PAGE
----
Lonely Planet review
This lagoon (it shares the same ecosystem as Los Haitises south of Península de Samaná) at the northern end of Calle Duarte was once Río San Juan’s claim to fame, drawing tourists from near and far for boat rides through its tangled mangrove channels. Unfortunately, overuse and pollution mean the lagoon is no longer pristine and swimming is no longer recommended. It’s still fairly picturesque and a dozen or more boatmen still offer tours , which typically cost US$35 for up to seven people and last around an hour, with visits to the mangrove forests, some interesting rock formations and a cave populated by hundreds of swallows. Look for a small shack next to the public bathrooms down by the Laguna – you’ll find it easier to join a group on weekends, when Dominicans come to take this trip.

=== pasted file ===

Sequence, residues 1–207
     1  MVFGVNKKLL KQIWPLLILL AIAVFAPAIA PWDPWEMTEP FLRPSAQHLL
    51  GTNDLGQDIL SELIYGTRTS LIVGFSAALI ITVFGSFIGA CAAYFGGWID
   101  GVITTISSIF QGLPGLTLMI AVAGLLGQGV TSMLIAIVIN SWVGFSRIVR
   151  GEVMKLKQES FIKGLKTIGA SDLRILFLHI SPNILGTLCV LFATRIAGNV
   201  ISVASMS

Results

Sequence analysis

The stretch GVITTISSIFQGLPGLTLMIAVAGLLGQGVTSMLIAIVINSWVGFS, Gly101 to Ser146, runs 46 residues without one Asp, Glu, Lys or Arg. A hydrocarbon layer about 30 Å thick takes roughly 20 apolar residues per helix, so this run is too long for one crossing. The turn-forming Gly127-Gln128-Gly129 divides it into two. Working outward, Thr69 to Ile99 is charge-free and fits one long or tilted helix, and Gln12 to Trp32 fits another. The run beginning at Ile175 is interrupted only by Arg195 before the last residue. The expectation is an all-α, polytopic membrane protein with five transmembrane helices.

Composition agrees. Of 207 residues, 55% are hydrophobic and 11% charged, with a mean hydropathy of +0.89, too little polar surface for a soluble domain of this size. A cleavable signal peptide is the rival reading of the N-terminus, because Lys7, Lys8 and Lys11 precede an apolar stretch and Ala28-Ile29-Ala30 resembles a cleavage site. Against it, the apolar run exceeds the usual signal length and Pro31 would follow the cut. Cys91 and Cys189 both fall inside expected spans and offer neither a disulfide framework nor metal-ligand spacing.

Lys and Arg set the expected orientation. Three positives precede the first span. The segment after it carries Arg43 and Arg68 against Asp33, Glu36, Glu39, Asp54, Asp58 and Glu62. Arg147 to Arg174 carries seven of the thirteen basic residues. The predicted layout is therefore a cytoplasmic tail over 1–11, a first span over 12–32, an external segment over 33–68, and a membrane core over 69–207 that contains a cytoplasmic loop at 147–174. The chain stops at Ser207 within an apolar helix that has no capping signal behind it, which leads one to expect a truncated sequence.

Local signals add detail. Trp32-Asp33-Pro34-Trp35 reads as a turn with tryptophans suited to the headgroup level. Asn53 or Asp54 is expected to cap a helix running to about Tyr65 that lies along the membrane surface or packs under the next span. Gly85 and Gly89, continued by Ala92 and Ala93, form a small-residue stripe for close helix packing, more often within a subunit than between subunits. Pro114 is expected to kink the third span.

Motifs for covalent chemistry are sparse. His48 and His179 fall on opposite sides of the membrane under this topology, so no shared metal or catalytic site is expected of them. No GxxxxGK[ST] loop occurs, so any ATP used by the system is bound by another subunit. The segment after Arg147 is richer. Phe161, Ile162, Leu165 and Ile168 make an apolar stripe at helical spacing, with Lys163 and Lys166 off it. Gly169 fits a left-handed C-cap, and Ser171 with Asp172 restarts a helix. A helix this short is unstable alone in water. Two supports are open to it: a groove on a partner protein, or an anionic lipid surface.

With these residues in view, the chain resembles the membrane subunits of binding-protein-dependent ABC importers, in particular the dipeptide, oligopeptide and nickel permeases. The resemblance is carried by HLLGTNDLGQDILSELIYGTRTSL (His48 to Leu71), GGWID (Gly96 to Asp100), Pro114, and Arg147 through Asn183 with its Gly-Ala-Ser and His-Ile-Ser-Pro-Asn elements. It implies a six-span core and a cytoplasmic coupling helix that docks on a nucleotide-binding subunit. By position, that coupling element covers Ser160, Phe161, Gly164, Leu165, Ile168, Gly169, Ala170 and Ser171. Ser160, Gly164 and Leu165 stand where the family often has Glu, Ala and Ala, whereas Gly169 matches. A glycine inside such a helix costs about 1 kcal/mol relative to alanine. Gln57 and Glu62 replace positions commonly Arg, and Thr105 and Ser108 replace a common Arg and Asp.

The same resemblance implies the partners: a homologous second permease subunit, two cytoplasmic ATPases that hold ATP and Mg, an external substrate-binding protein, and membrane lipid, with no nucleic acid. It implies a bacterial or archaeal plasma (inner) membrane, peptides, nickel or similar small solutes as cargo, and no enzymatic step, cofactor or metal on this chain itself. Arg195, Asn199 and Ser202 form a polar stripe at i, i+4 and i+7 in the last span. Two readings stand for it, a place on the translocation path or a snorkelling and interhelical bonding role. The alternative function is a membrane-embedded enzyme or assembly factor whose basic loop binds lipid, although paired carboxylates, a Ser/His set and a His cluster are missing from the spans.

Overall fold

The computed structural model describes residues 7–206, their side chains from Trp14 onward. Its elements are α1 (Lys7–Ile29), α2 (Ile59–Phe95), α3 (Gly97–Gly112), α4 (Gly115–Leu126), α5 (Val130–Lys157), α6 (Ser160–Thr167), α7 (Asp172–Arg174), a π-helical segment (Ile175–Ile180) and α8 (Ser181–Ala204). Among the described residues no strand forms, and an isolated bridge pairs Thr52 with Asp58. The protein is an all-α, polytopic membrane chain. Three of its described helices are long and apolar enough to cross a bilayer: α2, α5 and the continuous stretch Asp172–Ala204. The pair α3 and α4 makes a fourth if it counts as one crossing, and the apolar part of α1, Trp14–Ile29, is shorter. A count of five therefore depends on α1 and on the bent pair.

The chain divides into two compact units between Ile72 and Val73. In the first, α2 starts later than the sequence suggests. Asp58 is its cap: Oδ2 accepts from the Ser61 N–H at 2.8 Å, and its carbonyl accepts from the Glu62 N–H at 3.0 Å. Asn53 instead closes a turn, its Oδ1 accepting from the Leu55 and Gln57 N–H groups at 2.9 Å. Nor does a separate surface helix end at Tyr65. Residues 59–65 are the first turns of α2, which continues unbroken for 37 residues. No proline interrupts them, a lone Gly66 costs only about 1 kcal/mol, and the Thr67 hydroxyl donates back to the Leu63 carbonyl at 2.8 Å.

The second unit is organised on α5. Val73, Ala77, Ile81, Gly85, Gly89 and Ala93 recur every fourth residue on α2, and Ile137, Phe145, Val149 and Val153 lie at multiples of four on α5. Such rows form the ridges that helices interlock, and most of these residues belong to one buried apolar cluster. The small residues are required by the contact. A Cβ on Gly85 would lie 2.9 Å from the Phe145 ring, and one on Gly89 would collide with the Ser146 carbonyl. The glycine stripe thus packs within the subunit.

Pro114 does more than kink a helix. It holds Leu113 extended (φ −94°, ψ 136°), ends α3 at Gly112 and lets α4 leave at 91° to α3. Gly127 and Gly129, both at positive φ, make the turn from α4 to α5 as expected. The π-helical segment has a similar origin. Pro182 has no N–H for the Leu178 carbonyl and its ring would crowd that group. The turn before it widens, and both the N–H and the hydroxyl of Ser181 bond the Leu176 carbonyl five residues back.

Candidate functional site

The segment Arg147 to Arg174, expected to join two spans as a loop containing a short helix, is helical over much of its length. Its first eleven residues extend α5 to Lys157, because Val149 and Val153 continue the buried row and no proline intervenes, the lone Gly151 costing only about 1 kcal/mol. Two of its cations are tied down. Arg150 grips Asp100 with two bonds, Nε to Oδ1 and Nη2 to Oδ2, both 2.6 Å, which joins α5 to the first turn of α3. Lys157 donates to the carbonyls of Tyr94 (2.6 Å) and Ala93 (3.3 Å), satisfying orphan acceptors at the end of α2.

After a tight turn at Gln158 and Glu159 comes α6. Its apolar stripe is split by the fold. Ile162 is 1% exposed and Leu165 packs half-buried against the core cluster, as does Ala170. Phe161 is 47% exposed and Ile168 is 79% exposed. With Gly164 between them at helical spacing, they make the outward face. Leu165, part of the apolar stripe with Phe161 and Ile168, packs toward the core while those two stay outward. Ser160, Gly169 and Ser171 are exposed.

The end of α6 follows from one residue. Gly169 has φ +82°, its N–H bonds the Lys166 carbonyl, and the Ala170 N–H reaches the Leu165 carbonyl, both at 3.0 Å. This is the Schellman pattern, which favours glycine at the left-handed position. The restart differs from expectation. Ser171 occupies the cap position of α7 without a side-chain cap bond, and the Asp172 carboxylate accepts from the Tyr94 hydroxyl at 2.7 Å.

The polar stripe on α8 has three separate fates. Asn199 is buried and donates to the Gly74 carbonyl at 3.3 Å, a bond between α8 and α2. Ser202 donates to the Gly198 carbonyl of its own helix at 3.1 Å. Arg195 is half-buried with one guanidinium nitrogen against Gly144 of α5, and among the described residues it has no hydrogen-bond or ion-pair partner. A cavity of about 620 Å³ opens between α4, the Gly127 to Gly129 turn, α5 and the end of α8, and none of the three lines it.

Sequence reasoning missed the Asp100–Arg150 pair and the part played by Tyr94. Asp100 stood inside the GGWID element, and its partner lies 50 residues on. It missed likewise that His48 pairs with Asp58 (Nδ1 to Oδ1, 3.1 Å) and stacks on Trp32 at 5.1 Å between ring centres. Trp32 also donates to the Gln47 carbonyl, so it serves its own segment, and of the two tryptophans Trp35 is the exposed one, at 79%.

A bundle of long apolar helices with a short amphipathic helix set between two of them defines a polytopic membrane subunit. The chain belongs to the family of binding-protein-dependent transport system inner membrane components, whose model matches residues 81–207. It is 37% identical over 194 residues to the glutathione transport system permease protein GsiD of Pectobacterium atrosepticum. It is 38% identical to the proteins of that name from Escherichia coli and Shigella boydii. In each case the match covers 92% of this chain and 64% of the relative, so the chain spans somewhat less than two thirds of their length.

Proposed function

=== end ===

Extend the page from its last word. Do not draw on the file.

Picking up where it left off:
You can also visit the lagoon on foot – there’s a path on the far side of the Hotel Bahía Blanca along the water’s edge into the mangroves.